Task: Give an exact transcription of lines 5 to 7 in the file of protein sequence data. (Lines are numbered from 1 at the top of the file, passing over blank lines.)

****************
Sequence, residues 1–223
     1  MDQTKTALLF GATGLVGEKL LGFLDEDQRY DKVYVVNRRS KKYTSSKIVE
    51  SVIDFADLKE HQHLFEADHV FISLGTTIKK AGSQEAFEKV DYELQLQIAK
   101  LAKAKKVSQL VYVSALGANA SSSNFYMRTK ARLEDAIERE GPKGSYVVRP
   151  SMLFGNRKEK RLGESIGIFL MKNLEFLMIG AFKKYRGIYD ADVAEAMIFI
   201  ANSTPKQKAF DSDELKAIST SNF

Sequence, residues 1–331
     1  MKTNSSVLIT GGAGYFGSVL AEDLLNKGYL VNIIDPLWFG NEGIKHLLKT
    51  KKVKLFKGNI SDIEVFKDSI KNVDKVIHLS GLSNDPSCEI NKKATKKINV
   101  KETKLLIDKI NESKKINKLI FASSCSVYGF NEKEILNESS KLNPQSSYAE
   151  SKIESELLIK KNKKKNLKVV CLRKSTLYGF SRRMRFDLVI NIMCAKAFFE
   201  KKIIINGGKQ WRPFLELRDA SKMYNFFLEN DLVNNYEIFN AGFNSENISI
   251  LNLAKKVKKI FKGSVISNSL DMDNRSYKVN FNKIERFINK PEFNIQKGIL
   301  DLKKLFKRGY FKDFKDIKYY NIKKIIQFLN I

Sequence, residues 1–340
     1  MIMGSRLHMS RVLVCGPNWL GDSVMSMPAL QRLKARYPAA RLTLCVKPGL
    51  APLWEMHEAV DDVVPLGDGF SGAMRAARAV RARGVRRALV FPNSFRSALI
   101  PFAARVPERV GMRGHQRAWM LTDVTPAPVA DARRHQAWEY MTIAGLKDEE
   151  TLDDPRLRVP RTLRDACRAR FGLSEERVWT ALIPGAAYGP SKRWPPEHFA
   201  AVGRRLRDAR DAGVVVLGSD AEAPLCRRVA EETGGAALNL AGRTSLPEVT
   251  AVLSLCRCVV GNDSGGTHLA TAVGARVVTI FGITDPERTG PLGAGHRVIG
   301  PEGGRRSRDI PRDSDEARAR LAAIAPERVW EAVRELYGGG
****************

   151  SMLFGNRKEK RLGESIGIFL MKNLEFLMIG AFKKYRGIYD ADVAEAMIFI
   201  ANSTPKQKAF DSDELKAIST SNF

Sequence, residues 1–331